I buried my dad today.
Today was a day I had thought about many times during my 12 years as a pastor. But I had never thought of it before then, and could not have imagined what a unique honor and privilege it is as a pastor to enter into a person’s most vulnerable time in their living: their dying. That role becomes harder when you realize that one day you will be in the chair next to the coffin of someone you love. Would I have hope when the time came?
Well, that day was today. It isn’t what I thought it would be. It was as if I had stepped into an icy puddle of water. The cold crept into my feet and continued up through my body until it took my breath. The puddle became a lake, working its way up until it poured out of my eyes. I kept wondering: where is my hope? Shouldn’t that take away the pain of this?
Breathless, we drove to the cemetery. Then it came—the moment of watching my sons and nephews carry my father’s coffin and place it on the straps that would lower the metal box, now locked shut, into the newly thawed earth. We followed the coffin, and then I sat in one of those chairs—the chairs next to the coffin.
It was a beautiful early spring-like morning. The air was still, and everyone was gathering close behind. No words had been spoken; the pastor was stepping into the place where I had found myself many times before—that place of wanting to say just the right thing or read just the right Scripture verse to ease the pain.
I, too, was hoping, wanting relief from that stranglehold of pain. Please, Pastor, give me something. Say something so I can breathe.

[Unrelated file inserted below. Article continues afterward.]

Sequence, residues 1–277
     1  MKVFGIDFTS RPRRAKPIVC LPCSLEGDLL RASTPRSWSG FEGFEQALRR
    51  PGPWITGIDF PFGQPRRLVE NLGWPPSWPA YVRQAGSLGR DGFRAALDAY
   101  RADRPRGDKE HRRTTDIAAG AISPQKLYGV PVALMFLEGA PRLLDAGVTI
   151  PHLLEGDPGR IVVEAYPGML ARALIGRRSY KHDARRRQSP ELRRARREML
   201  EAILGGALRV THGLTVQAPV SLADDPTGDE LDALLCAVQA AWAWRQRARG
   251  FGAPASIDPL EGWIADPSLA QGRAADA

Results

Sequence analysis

The gathering crowd had settled. There were no sniffles, no coughs—just stillness. Through the heaviness of the moment anticipating a word of comfort from the pastor, through the stillness of the chilled crisp air, there came a pure, quiet, innocent little voice that pierced the stillness: “Daddy, is that the hole to heaven?”
In that moment I remembered what Jesus had done. In that moment I could breathe again. In that moment the flood of emotions turned warm. I wish I could say the pain went away, but it didn’t. But like a warm blanket I felt the Holy Spirit say, “I’ve got this. There is hope.”
I have come to realize now that there is a need for pain—that hope does not mean the absence of pain. There is a need to see the hole. There is a purpose to sitting beside the grave. There will be a moment when at the same time nothing will make sense and yet it will all make sense. The joy of life, the struggle of sin and pain, and the assurance of hope come from knowledge of the work of Jesus on the cross, the display of power and authority over the grave, and knowing Jesus will return again to make all things new.